"Now you watch for that. When we come to a sheet which means damage, even maybe death, don't get excited. You see, Brain, in this case, we don't mind – not even about death; we don't mind at all. So when you come to that sheet, just stop, give it back – and that'll be all. You understand?"
"Oh, sure. By golly, the death of humans! Oh, my!"
"Now, Brain, I hear Dr. Lanning and Dr. Bogert coming. They'll tell you what the problem is all about and then we'll start. Be a good boy, now-"
Slowly the sheets were fed in. After each one came the interval of the queerly whispery chuckling noise that was The Brain in action. Then the silence that meant readiness for another sheet. It was a matter of hours – during which the equivalent of something like seventeen fat volumes of mathematical physics were fed into The Brain.
As the process went on, frowns appeared and deepened. Lanning muttered ferociously under his breath. Bogert first gazed speculatively at his fingernails, and then bit at them in abstracted fashion. It was when the last of the thick pile of sheets disappeared that Calvin, white-faced, said:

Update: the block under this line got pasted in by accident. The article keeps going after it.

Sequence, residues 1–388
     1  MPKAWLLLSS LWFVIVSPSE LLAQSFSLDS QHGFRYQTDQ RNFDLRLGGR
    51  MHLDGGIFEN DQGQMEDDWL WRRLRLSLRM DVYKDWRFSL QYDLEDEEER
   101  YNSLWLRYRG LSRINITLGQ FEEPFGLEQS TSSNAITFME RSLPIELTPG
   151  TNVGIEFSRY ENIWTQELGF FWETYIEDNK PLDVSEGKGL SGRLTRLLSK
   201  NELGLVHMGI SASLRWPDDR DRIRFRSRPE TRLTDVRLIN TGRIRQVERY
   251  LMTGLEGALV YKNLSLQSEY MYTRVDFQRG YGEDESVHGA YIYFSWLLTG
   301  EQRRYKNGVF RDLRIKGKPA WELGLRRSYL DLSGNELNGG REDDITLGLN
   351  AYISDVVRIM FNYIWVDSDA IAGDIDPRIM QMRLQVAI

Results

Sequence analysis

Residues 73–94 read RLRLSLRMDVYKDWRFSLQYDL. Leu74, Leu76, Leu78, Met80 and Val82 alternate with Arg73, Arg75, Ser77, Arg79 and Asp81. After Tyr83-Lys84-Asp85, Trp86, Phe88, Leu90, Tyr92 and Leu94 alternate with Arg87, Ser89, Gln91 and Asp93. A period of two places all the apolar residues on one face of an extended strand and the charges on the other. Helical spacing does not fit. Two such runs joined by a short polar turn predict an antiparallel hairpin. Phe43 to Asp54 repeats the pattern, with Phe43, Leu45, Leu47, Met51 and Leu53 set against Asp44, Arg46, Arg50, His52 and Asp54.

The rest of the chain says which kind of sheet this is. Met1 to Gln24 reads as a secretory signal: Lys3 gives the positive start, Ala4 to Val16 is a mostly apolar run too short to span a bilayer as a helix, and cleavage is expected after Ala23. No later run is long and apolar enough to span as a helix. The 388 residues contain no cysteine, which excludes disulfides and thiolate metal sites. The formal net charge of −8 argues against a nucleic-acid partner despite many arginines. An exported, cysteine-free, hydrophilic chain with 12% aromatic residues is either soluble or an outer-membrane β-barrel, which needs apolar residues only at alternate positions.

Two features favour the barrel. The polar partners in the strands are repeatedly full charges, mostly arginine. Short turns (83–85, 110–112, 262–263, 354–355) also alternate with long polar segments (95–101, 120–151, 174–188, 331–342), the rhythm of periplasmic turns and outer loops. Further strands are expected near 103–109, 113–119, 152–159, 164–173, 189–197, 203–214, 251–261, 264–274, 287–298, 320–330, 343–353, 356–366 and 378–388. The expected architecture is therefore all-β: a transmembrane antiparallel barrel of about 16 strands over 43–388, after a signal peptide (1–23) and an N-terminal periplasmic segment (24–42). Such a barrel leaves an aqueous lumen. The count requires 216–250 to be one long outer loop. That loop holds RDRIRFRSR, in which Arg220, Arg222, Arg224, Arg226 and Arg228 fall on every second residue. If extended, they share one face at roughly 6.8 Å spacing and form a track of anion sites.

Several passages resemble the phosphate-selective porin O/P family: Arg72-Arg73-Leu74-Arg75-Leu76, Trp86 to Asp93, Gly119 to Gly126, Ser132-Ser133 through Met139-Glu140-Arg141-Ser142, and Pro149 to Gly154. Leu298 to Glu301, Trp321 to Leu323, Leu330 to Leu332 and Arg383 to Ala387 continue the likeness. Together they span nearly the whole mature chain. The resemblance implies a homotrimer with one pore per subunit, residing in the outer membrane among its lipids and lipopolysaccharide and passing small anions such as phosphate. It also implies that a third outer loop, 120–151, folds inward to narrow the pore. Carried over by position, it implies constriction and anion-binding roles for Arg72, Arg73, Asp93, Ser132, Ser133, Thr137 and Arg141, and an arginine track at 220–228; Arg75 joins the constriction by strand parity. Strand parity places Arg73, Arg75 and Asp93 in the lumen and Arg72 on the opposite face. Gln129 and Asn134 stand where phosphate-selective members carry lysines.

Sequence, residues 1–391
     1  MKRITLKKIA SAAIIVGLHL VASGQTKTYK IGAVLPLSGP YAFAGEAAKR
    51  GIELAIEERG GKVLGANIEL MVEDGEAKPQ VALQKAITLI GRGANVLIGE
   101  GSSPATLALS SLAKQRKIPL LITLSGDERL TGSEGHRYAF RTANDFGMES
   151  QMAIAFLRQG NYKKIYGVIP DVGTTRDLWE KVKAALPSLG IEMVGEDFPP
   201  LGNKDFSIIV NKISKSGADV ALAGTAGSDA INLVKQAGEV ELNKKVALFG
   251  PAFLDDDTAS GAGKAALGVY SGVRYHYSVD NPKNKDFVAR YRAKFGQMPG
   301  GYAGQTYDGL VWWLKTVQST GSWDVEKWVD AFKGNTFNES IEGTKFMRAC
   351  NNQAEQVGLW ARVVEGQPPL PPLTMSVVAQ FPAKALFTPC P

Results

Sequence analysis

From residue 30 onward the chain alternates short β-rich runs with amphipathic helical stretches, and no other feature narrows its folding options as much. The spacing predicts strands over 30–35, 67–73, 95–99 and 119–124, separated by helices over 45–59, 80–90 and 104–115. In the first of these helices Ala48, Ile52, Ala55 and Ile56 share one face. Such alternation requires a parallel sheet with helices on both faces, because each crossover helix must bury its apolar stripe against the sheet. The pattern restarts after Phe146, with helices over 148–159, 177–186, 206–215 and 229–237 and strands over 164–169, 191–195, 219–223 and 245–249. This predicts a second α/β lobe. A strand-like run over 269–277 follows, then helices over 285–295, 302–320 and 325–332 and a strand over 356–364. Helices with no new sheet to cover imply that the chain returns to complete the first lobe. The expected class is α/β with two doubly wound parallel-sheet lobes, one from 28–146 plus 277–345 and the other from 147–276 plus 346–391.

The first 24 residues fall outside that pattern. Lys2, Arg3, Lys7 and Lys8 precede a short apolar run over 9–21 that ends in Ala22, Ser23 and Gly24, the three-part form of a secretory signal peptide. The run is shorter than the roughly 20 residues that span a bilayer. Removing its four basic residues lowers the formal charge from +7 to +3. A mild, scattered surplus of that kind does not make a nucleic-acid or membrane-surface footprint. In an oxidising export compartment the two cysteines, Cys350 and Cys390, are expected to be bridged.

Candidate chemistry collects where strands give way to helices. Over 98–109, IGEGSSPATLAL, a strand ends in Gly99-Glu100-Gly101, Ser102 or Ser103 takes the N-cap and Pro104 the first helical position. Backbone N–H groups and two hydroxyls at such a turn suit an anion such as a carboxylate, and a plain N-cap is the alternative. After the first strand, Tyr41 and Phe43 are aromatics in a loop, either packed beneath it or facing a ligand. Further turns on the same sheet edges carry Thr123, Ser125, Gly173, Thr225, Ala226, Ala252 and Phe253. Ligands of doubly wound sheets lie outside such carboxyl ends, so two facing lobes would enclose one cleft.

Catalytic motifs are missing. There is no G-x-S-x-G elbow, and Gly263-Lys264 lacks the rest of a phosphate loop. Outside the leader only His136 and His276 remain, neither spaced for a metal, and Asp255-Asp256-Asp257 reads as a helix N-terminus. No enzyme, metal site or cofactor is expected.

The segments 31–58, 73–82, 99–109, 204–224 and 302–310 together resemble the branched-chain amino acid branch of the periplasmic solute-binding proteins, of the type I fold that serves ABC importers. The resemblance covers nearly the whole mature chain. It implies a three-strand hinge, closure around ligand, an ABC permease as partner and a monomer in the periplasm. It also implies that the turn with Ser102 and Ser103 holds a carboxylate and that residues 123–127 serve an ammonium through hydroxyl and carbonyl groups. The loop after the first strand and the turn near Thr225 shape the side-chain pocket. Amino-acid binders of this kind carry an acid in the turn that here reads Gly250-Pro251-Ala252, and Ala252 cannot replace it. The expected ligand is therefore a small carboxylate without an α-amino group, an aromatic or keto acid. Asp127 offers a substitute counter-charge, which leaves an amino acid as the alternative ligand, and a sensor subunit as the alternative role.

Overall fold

Lanning barely got the words out, "It can't be. Is it – dead?"
"Brain?" Susan Calvin was trembling. "Do you hear me, Brain?"
"Huh?" came the abstracted rejoinder. "Do you want me?"
"Oh, that! I can do it. I'll build you a whole ship, just as easy – if you let me have the robots. A nice ship. It'll take two months maybe."
"There was – no difficulty?"
"It took long to figure," said The Brain.
Dr. Calvin backed away. The color had not returned to her thin cheeks. She motioned the others away.
In her office, she said, "I can't understand it. The information, as given, must involve a dilemma – probably involves death. If something has gone wrong-"
Bogert said quietly, "The machine talks and makes sense. It can't be a dilemma."